#MozCon 2015 notes
Chelsea Scholz and Cody Campbell of Unbounce took notes of the ENTIRE MozCon 2015 conference for you. If you missed any of the 3 days or 28 talks — or simply couldn’t keep up — they’ve got you covered.
How to do more in less time
Often our biggest problems when it comes to busyness is the way we talk about busyness. Give up on the idea that busy is cool. Successful people aren’t busy. Successful people are good at budgeting their time.
The death of conversation
The rise of the smartphone has been so rapid that we have not had time to work out the social etiquette but we desperately need to put some ground rules in place to stop it having a detrimental affect on our inter-personal relations.
A curated directory of marketing resources & tools.
What it’s like to face a 150 m.p.h. tennis serve
The New York Times looks down the barrel of a 150 m.p.h. tennis serve.
New York Times
The emerging role of SEO in app discoverability
There are many ways to promote apps today: advertising, optimizing for app store algorithms, or even just promoting the mobile app via your website. But Google has also been adding some new ways for mobile apps to be discovered organically, and it’s an something that SEOs today should be considering in the holistic optimization process.
Search Engine Land
The habits behind successful, creative, productive people
It would be easier if there were a one-size-fits-all solution for the habits that make a great leader or a great thinker. But there’s really not. The people who are really successful just figured out what works for them, and they work like crazy to make sure that their environment gives them what they need.
5 iconic road trips to take before your kids grow up
Here are 5 classics that will show them everything from the Grand Canyon to Big Sur and teach them the country’s history from Paul Revere’s ride to Martin Luther King’s Freedom March.
Now you can embed auto-play Facebook video on your site
With a little HTML code work, you can enable Facebook videos to play automatically with sound muted outside the social network.
Creating demand for products, services, and ideas that have little to no existing search volume
A lot of fantastic websites are in something of a pickle: The keywords they would normally think to target get next to no search volume. It can make SEO seem like a lost cause. Rand explains why that’s not the case, and talks about the one extra step that’ll help those organizations create the demand they want.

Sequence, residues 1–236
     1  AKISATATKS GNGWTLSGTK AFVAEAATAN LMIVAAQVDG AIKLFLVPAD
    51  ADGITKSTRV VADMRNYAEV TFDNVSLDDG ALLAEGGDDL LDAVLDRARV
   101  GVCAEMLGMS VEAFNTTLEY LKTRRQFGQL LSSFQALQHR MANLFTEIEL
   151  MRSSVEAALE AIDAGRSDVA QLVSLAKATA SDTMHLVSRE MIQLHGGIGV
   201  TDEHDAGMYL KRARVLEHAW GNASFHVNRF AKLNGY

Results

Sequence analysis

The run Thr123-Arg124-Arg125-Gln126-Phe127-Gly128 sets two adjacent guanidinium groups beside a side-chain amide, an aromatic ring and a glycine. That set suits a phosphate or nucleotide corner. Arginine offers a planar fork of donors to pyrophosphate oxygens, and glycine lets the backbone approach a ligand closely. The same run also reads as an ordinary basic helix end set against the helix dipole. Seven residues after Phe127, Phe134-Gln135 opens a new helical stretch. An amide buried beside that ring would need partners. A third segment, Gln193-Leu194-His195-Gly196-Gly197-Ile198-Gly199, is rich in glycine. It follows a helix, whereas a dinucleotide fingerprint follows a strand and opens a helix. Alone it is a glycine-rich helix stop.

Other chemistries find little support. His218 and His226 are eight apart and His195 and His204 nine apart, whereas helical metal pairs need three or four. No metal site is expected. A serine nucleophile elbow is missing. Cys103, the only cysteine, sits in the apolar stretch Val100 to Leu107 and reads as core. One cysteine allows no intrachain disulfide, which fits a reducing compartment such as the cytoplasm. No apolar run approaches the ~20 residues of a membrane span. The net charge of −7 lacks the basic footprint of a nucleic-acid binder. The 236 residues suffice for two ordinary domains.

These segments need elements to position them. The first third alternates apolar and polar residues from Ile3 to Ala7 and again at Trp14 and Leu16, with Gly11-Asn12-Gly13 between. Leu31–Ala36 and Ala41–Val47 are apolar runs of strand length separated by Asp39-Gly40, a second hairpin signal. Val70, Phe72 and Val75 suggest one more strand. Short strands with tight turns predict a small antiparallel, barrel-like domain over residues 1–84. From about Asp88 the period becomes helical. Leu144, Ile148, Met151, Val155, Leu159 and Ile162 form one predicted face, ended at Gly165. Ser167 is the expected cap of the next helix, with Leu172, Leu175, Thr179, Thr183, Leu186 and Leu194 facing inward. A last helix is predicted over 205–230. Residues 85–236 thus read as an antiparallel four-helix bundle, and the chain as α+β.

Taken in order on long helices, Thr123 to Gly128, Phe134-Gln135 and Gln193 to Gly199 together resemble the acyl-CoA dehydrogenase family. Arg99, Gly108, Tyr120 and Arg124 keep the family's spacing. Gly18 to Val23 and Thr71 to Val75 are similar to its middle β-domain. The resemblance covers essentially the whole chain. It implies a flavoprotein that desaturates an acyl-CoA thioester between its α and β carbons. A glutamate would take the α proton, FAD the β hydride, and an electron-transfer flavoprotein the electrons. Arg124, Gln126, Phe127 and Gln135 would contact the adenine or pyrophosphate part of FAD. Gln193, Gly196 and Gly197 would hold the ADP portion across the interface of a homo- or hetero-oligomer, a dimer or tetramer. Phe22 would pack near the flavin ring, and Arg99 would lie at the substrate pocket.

Here’s the most interesting stuff I read, watched and listened to for the week ending February 21.
How Facebook and twitter created an industry demand for audience development experts – Facebook and twitter have designed themselves as indispensable content broadcasters. Now that they both have demanding shareholders to answer to, marketers are stuck in the middle. How should they evolve? Beyond creating lights out content, teams must invest just as much time and money in content distribution and audience development. What skills should someone charged with audience development have? See what Lucas thinks in the link.
5 essential twitter search operators to find the most relevant tweets – Turbo charge twitter’s advanced search to go beyond just seeing who’s talking about “Starbucks lattes”, and discover who wishes they had one right now, who thinks they’re too expensive, and who’s following the Starbucks account just for a discount coupon.
U.S. Digital Services Playbook – To meet citizen’s needs and to increase the success rate of projects, the government has created a playbook of key practices. These “plays” were drawn from practices from the private sector and government and, if followed together, will help government build more effective digital services.
Game Over (99% Invisible podcast) – This is how a virtual apocalypse plays out on The Sims.
Tesla wants to create a battery to power your home – While the big speculation of the week was that Apple was invading Tesla’s car turf, Elon Musk mentioned he’d be producing a stationary battery for powering homes in the next few months. Bombs away at the utility companies!
Beam on Kickstarter – Screw this smart projector into any light socket and this powerful projector turns a flat surface into a big screen.
Share your best stuff with me on twitter @bobhazlett
It’s true that free samples help consumers learn more about products, and that they make retail environments more appealing. But samples are operating on a more subconscious level as well. “Reciprocity is a very, very strong instinct,” says Dan Ariely, a behavioral economist at Duke University. “If somebody does something for you”—such as giving you a quarter of a ravioli on a piece of wax paper—“you really feel a rather surprisingly strong obligation to do something back for them.”
Ariely adds that free samples can make forgotten cravings become more salient. “What samples do is they give you a particular desire for something,” he says. “If I gave you a tiny bit of chocolate, all of a sudden it would remind you about the exact taste of chocolate and would increase your craving.”
The satisfactions of manifesting oneself concretely in the world through manual competence have been known to make a man quiet and easy. They seem to relieve him of the felt need to offer chattering interpretations of himself to vindicate his worth. He can simply point: the building stands, the car now runs, the lights are on. Boasting is what a boy does, because he has no real effect in the world. But the tradesman must reckon with the infallible judgment of reality, where one’s failures or shortcomings cannot be interpreted away. His well-founded pride is far from the gratuitous “self-esteem” that educators would impart to students, as though by magic.
via Matthew B. Crawford, Shop Class as Soulcraft: An Inquiry Into the Value of Work